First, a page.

After showing his demonstration on the wheel to the class, the tutor just left me to it. I preferred that in a way because it gives one time to get a feel for the clay and what works and what doesn't. When he did finally pop his head around the corner he just said that the wheel was too fast. He is so negative, it's a wonder he hasn't put off the whole class. When I told him about the book I bought "The Spirit of Clay" all he said was "The problem with American authors is blah blah blah..." to be honest I don't know what he said because my brain just switched off. I mentioned to him in my email that I was going to try lino cuts with the clay, and all he said to that was that when he tried it the lino got stuck in "the mud". The only stick in the mud I see is him!
Anyway, the whole thing got me so down that I didn't feel like I could even produce anything in my drawing and painting class. I have to say that I'm having a major confidence crisis right now.
I'm going to look for another class somewhere else.
Sunday, 2 November 2008
I couldn't wait! I did my first lino cut last night! Well, strictly speaking, it's not my first lino cut ever because I made one at school to print with, but that was so long ago I couldn't even tell you what it was of!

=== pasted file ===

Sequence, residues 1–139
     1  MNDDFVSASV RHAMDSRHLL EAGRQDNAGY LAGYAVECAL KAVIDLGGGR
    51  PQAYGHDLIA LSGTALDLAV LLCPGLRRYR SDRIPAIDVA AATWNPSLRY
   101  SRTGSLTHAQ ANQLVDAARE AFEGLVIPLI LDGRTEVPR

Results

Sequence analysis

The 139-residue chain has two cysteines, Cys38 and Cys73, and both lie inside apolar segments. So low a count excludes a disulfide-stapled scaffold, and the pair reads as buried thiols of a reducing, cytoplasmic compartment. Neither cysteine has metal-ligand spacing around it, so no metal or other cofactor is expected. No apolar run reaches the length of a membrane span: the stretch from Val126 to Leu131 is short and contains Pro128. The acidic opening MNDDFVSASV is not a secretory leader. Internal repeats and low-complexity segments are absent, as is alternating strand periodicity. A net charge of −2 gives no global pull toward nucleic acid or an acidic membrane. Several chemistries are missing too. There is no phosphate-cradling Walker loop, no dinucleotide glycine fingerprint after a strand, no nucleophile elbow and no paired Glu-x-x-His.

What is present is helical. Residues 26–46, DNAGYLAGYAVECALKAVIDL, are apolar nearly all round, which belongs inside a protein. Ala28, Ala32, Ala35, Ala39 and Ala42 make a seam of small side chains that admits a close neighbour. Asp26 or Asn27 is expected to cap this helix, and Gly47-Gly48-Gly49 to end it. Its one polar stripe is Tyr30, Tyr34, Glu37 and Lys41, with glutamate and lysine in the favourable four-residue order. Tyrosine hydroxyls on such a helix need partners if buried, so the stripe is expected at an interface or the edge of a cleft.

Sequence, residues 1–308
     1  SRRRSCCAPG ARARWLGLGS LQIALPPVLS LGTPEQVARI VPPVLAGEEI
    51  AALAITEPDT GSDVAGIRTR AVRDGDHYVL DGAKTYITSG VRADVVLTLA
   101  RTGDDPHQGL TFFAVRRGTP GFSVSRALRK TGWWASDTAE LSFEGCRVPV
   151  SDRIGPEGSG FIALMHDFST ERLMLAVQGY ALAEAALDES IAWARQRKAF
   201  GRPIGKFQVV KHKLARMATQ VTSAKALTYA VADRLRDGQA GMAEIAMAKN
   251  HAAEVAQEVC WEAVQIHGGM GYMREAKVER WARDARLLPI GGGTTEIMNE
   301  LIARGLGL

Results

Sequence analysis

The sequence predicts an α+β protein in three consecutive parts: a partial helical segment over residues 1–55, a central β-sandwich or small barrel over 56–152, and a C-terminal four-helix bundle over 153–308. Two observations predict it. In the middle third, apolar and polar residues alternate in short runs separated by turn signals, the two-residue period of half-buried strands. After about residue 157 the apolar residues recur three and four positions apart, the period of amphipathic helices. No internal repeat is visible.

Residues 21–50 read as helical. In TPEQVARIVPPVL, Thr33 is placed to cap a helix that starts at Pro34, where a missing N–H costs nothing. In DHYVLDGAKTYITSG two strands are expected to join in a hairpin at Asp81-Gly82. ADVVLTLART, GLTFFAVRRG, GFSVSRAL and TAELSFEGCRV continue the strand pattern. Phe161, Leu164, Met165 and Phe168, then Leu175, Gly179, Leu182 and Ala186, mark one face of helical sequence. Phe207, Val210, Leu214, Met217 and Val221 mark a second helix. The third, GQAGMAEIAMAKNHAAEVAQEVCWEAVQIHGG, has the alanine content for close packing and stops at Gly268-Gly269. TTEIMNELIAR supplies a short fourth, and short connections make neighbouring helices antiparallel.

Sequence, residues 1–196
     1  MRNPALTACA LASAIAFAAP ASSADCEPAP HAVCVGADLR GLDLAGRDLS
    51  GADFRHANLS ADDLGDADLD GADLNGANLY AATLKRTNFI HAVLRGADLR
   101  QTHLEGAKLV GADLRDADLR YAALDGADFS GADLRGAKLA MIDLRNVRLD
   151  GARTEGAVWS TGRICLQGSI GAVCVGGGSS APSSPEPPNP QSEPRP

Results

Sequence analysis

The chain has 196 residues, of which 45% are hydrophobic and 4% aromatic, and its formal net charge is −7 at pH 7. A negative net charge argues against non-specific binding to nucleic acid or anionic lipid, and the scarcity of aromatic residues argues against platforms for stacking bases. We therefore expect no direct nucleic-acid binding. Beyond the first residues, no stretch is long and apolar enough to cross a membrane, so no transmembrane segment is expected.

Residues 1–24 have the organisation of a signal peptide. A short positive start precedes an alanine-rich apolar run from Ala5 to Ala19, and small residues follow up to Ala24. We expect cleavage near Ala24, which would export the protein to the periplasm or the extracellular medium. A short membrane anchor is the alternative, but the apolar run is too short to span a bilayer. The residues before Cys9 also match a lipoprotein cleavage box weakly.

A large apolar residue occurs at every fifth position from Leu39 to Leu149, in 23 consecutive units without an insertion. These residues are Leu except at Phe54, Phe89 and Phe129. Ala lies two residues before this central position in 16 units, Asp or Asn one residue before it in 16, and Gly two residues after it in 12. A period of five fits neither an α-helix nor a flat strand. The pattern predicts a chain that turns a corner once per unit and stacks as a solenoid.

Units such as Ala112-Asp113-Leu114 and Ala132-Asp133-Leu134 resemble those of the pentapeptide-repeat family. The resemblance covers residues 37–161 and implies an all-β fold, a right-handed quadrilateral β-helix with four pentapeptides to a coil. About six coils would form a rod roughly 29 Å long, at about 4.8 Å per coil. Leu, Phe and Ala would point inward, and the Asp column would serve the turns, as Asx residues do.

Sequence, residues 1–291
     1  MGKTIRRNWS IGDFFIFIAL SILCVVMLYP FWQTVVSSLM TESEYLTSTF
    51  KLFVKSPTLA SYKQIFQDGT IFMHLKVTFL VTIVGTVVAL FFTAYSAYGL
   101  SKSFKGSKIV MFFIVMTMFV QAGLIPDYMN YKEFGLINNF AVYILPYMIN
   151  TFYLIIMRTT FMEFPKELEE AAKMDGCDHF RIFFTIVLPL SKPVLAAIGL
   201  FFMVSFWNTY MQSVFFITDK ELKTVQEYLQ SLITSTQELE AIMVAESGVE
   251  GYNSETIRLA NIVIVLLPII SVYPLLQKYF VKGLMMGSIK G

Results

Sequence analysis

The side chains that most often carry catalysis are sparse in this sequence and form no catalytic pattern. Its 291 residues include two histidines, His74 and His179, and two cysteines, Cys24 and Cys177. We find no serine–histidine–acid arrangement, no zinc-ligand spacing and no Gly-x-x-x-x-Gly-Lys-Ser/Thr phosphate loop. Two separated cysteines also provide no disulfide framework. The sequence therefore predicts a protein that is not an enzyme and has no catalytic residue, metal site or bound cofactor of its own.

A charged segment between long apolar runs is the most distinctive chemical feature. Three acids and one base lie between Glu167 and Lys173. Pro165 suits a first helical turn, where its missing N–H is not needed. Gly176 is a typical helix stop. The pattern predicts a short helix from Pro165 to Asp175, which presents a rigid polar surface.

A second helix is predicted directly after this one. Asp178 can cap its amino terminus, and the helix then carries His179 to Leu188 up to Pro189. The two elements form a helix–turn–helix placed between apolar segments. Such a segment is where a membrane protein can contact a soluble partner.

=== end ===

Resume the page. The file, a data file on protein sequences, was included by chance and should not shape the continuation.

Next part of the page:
This isn't the "simple outline of a character" I had planned on either! This is the design for my Mum's mug. The circumference of the mug needs to be about 12" so I made a pattern 6" long that I could turn around and repeat on the other side of the mug. The lino was really hard and I kept having to warm it up with a hair dryer to soften it. Carving was a bit tricky to start with, but it didn't take long to get the hang of it. I tried to carve a flower but I found the round petals really difficult to do - in the end I made such a mess of it that I just cut a big circle out to get rid of it! I think it would have been easier if I had gone for long pointy petals similar to the leaves.
I did this sitting in my armchair, and by the time I was finished it looked like I had dropped a bowl of All Bran everywhere! I pick the best places to be creative don't I?
Tonight I couldn't wait to make my first mug! I'm quite pleased with my first attempt, but this won't be getting fired. It was more of a practice run. Edit: Photo's were hideous so I took some better ones today (Monday) in daylight.
Of course, I took the photo from the best angle, but trust me, this is not a good mug! I don't really have the right equipment at home so this was never going to be perfect. It is much too thin and weak in places. Also, my clay is over a year old now, so although I have kept it well wrapped it's drying out a little, so the clay has very fine cracks from being bent. Mind you, I threw it around quite a bit, so maybe if I was more careful it would be ok. If the clay was any softer I don't know how I would stop it from collapsing!
Pulling my first handle was fun! But if I was doing this for real I think I should have let the mug harden a little first, and the handle needs to be thicker. I just put that on quickly for the photo!
Edit: Just to give you an idea of the size compared to a normal sized (Craig David) mug! My Mum drinks a lot of tea!